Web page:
Archive February 1 - 17
Gravity Lens Main Page
Friday, February 17
Here's a rather creepy Charles Siebert story at Discover about how viruses may have been the precursor to all life on earth.

Just found out that the Diamond Comics Star Artist of the Month is Gravity Lens regular Randall Ensley. Here's some galleries of his stuff.

Technovelgy informs us that the ability to create our own evil twins may (theoretically) soon be within our grasp.

Sometimes the internet makes me laugh: Warren Ellis did a post about rooms for San Diego Comicon already selling out, which led to a funny exchange between he and Joss Whedon in the comment section.

Eye if the Goof links to this Datajunkie entry on illustrations from Galaxy Magazine, including several by Mad cartoonist Don Martin. There's also an entry from last week on science fiction illustrator Virgil Finlay.

This'll be a busy geekboy weekend, with both Boskone taking place and James Gurney's Dinotopia exhibit opening at the Rockwell Museum.

Thursday, February 16
Warren Ellis launches his new column over at Comicon Pulse.

Michael Huang at The Space Review has my favorite quote of the week: "To retain credibility with the public, anti-human-spaceflight activists must replace themselves with robots as soon as possible. I propose a prize to spur innovation in this new industry: the Forbid Humans Prize, to be known as the FH Prize. The FH Prize will be awarded to the robot most capable of replacing a human in the anti-human-spaceflight movement."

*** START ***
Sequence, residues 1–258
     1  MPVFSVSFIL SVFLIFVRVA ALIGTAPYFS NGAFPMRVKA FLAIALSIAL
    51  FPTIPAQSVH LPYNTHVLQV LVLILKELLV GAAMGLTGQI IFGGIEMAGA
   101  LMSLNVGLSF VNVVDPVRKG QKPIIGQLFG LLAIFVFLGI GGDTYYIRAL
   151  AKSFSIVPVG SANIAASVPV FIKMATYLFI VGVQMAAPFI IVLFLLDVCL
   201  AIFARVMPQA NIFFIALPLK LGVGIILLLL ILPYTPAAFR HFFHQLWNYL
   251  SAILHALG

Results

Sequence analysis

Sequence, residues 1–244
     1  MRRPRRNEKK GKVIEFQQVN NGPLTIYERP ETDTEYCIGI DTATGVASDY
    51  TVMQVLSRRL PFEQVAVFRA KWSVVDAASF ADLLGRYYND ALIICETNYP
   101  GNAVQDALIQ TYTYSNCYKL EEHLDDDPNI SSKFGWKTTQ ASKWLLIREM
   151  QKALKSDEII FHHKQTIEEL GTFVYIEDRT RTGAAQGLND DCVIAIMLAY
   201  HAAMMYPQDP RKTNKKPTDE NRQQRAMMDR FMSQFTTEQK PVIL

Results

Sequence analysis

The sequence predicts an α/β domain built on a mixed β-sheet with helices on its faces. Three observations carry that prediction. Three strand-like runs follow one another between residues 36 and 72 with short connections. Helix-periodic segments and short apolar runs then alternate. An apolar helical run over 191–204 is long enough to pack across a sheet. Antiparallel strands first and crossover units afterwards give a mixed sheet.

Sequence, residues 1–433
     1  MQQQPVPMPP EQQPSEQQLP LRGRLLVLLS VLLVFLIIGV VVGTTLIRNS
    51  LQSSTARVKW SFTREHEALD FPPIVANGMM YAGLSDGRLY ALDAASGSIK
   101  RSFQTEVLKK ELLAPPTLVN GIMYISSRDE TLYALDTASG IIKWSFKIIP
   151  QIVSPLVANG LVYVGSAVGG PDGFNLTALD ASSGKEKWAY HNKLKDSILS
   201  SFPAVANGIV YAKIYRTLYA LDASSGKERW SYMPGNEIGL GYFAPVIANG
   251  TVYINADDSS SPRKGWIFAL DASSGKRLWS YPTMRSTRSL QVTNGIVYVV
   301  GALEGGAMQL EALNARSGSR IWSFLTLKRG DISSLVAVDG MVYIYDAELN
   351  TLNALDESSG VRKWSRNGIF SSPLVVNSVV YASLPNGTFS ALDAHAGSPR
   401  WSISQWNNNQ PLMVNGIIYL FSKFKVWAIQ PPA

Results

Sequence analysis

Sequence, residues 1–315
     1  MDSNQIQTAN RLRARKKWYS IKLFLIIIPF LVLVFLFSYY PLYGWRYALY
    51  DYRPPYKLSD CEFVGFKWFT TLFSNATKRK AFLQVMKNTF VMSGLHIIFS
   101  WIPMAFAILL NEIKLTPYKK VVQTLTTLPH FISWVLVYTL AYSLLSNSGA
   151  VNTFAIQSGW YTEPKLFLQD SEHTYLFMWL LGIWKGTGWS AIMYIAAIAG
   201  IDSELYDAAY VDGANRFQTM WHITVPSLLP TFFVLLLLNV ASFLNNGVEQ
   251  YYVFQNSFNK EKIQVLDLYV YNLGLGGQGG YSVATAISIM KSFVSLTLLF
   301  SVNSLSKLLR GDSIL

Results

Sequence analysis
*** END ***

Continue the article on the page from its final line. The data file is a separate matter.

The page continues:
Recommended Readin':
Mark Halpern at The New Atlantis tells us the Trouble with the Turing Test.
Tony Long at Wired mourns the loss of literacy among the business class.
Leonard David of takes a realistic look at the needs of space tourism.

Wednesday, February 15
Some cool photos of the Nissan concept car The Terranaut. This would be a good time to revisit the Landmaster from Damnation Alley, Ark II, and the awesome Maximog.

Steven Grant at Comic Book Resources reflects on the lack of comic book news.

From Incoming SIgnals: The 1811 Dictionary of the Vulgar Tongue.

A moment of silence, please, for Mister Andreas Katsulas. More here and here.

Tuesday, February 14
The Mondolithic Image of the Week celebrates the age of private spaceflight with How the West was Won.

Authors and Such: The android replica of Philip K. Dick is missing. More coverage here.
Michael Cassutt at SciFi Weekly celebrates fifty years of Harlan Ellison.
Ben Bova reminds us (and himself) that truth can be as strange as science fiction.

And to illustrate that last point, there's an evil killer robot up for auction at eBay.

Monday, February 13
Via Geekpress: Fans of Garth Ennis' Preacher and Grant Morrison's Marvel Boy should appreciate this giant profanity visible from space.

A moment of silence, please, for Mr. Peter Benchley.

As we dig out from over two feet of snow in the East, we should remember that it could be worse. We could be on Hoth, or Ice Planet Zero, or Rura Penthe, or Tran-Ky-Ky, or Europa. We could be in Niflheim, or Box's Lair, or condemned to Cocytus.

Warren Ellis links to these neat photos of the first few microseconds of an atomic blast.

Sunday, February 12
Robotic Stuff: Doug Saunders of the Globe & Mail explains why you don't have a robot maid.
Currently making the rounds: the WR-07 Transforming Robot. There's also a cool video.
Here's Sister Mary, the Robot Candystriper.
And a robot car capable of driving from San Fransico to L.A. is in the works for next year.

Friday, February 10
Something Awful's Photoshop Phriday gives us A Very Star Wars Valentine.

Mike Daisey at Wired tells us about a new production of Ibsen's Hedda Gabler. With robots.